Where the wild dogs are - Page 2

An opinionated guide to local parks where your canine can run free


The second-largest park in the city is often overlooked, but it's got some nice wooded trails — and the only pond in the city where dogs are actually allowed to go swimming. It's not a nasty, slimy-covered puddle, either; the water's clear and there's a (concrete) doggie beach where your canine can ease into a dip. It's shallow enough near shore for those with short legs and deep enough and long enough for the big dogs to have a nice refreshing swim or practice their water-retrieval skills. There's some misinformation on the web about how to find the dog-swim area. You don't want McNabb Lake, on the east side of the park; that's a playground and picnic area with a nice duck pond where dogs are not terribly welcome. The parking lot for the dog area is off the westernmost part of the John F. Shelley loop, near the big blue water tower. You can see the pond from the road, and it's a very short walk down. Bring a towel and be prepared to get wet; humans can't swim there, but the beach is small and wet doggies love to shake.

John F. Shelley Drive.


Legal status: City park, off-leash area

cleanliness: 2 paws

Friendliness: 2 paws

Terrain: 2 paws

This popular spot used to be called "dog shit park." It's the place where Harvey Milk famously announced his legislation mandating that people pick up their canine companions' stinky piles. It's a lot better now — in fact, this is a rare place where the interaction between dogs and children is well-managed and everyone seems happy. The kids are fenced off in the upper area, the dogs run free in the lower area, and people just out for some sun sit in between. Still: watch where you walk. The ghost of Harvey's soiled shoe remains.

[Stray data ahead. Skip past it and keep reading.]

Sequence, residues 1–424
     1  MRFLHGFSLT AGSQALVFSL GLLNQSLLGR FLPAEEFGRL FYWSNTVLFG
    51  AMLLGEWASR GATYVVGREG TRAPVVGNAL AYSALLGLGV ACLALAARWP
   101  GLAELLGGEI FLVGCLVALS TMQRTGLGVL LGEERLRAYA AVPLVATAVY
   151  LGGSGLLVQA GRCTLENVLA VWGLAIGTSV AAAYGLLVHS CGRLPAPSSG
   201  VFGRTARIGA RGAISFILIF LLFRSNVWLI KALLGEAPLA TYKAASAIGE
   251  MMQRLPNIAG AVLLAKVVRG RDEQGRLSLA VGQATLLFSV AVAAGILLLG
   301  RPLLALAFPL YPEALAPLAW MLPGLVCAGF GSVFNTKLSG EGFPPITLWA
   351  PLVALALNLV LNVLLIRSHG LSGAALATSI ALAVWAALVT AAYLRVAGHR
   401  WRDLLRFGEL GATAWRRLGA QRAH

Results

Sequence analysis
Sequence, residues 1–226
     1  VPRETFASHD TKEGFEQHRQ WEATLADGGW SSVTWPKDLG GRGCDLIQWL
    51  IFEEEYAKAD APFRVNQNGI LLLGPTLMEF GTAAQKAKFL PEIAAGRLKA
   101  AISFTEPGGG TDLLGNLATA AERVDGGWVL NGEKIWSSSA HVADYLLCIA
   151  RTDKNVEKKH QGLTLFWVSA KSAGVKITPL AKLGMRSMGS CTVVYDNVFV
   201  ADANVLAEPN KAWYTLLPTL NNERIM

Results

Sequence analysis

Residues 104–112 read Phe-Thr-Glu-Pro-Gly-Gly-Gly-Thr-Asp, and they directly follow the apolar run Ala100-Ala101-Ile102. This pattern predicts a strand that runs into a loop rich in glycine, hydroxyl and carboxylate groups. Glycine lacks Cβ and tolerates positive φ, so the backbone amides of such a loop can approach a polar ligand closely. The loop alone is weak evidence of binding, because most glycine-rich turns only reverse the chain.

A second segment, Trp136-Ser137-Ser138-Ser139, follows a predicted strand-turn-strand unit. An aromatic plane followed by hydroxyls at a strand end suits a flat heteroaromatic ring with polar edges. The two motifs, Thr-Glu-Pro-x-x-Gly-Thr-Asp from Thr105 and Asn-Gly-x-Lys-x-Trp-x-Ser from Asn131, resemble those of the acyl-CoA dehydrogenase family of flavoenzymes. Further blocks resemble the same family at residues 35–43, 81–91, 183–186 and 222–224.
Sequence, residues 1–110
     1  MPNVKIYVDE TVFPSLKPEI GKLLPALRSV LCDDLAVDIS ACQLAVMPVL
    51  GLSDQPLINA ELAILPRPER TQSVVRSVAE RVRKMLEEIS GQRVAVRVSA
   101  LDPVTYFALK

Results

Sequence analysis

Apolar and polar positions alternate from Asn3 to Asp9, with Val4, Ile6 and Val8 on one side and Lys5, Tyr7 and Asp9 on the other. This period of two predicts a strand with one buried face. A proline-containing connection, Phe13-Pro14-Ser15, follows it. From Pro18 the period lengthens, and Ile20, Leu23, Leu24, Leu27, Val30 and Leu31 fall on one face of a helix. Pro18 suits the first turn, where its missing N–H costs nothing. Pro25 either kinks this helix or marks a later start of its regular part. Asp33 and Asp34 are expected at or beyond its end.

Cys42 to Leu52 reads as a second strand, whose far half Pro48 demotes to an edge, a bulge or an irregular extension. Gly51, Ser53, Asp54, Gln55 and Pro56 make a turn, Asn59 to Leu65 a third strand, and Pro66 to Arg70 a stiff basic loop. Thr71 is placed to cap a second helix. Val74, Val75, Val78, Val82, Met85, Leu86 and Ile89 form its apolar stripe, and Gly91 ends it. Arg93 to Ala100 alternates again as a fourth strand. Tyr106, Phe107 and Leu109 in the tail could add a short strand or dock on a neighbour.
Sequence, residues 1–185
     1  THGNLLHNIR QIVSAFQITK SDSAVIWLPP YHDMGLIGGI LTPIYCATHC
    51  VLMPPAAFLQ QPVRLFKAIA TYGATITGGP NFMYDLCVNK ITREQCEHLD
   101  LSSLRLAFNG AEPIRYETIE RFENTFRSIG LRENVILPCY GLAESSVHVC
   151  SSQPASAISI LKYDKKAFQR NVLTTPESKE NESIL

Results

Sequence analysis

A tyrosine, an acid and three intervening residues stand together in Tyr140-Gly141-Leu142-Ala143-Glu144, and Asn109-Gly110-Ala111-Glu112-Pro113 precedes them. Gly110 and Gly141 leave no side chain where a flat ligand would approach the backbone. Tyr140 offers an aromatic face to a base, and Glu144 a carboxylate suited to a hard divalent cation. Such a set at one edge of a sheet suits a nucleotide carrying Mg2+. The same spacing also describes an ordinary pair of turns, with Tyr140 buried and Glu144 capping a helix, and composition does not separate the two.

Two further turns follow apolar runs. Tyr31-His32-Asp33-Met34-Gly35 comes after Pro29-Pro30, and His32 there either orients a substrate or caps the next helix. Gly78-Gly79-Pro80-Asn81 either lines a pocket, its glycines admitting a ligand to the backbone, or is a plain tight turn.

The dogs here tend to be a bit rambunctious, perhaps because of the limited space, so don't be surprised if a few more aggressive ones bound up to you as you enter, which can intimidate the more skittish of both species. The (human) regulars tend to know each other. McKinley School's Dog Fest turns the place into a grand celebration of the canine spirit every spring.

Duboce Avenue and Noe.


Legal status: National park, off-leash areas (for now)

Cleanliness: 3 paws

Friendliness: 3 paws

Terrain: 4 paws

The walkable trails — surrounded by lush trees, non-native plants, and flora — that lead down to sandy dunes, cliffs, and Ocean Beach itself make up Fort Funston, a former military base, and current highly traveled dog park. In fact, it's one of the Bay Area's most popular mixed-use canine-friendly sites, usually sweeping the Bay Woof's Beast of the Bay awards, this year winning "Best Hiking Trail" and a runner-up for best overall dog park. There are multiple pathways to explore, great views, and a few doggie amenities along the way. On the rare warm weekend (always with a breeze), there might be dozens of pups lapping up the cooling dribble of water from one of the small water fountains. It gets crowded (some dog owners say it's too crowded) on the weekends, but is less congested during the week. The off-leash factor is also currently up for review, so those in charge caution owners to pick up after and keep a close eye on their pets. It's part of the Golden Gate National Recreation Area and is operated under the authority of the National Park Service.

Park in the lot off Skyline Boulevard.


Legal status: City park, west half is off-leash.

Cleanliness: 4 paws

Friendliness: 3 paws

Terrain: 2 paws

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